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Accountability

I watched some news coverage of the situation in Baltimore last night. While I am curious as to what is going on there and sympathetic [in some ways] to both the citizens and their police force, I can only watch bits of it. I find the media feeding-frenzy and "pot-stirring" somewhat disturbing. That having been said, I caught a bit where a reporter was talking to a state senator who was blaming some of it on the presence of television cameras and the rest on the poor standard of living many contend with there. It was pointed out to her that she and politicians like her were a large part of the problem: many having failed to do anything to change it for decades. Watching it on T.V., you felt like people such as Congressman Cummings were inserting themselves into it for the photo-op and public relations opportunity that simply could not be passed-up. Sorry, but that's what it seemed like to me. I've lived long enough to see plenty of political "photo ops" taken advantage of. I'm not saying he didn't have a genuine concern-- if for no other reason than the fact that he lived "five blocks away."

So when these politicians complain of economic disparity and have the gall to use it as some sort of excuse for the behavior of those who burned and looted, do they ever really identify the source of this problem? Do they offer credible solutions that don't simply spend more of the tax payer's money-- that is non-existent to begin with? The answer to both questions is almost always 'no.'

When are people going to stop pulling out the race card to explain bad behavior on the part of a few of the citizens and start holding people accountable? I'm not saying that there are not legitimate concerns of racism still existing in America, because I think we can all think of people and situations where it is undeniable-- and we should step in to protect people being oppressed. But rather than having "national conversations" about it, which are often reduced to a bunch of "mumbo-jumbo" and more public relations opportunities for the concerned but out-of-touch "elite grass root-types," let's take some positive job-creating steps by getting government out of the way as much as possible (back to doing the job it was designed to do in the constitution). People that make $250,000 or more for giving a speech can hardly convince me that they feel the average working person's pain. Nice try.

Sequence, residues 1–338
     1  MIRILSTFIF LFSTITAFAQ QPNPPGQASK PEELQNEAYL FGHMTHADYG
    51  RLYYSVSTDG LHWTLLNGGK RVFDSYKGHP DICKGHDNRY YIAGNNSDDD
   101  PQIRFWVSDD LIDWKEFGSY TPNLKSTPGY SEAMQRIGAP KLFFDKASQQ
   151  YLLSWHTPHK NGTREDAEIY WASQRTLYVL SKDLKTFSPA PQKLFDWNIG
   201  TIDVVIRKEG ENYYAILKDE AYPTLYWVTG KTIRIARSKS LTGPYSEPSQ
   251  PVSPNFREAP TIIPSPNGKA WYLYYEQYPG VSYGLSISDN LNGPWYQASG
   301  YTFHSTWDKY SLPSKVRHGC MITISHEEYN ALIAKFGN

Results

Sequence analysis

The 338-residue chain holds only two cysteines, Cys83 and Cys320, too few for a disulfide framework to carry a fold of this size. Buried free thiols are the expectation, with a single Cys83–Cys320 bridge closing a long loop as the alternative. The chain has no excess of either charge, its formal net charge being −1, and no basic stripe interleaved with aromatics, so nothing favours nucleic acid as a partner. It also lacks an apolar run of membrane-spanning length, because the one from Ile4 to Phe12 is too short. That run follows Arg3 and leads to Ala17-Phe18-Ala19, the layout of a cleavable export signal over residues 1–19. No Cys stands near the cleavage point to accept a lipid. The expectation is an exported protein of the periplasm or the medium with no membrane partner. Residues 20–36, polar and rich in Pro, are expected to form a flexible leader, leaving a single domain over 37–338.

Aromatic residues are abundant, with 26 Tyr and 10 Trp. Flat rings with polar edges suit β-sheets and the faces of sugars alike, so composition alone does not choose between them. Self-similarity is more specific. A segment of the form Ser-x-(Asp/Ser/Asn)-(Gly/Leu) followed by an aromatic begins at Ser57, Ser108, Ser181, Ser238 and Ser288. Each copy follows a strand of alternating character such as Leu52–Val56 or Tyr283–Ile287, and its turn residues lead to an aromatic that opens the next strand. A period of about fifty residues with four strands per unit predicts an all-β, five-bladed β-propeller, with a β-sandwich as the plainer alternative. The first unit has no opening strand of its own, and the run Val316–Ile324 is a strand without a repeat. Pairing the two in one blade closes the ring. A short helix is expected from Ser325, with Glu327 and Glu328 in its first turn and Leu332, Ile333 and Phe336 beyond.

Getting people back to work and off government dependency is bound to install in them a sense of self-worth and put money in their pockets-- that they can pump into the economy, helping elevate others. They will feel better about themselves and instill those values into their children as my parents did for me. Most of us have heard the old saying "give a man a fish and he eats for a day. Teach a man to fish and he eats for a lifetime."

Putting people in jail who burn buildings, loot stores, cause physical harm to people-- that used to be called JUSTICE.

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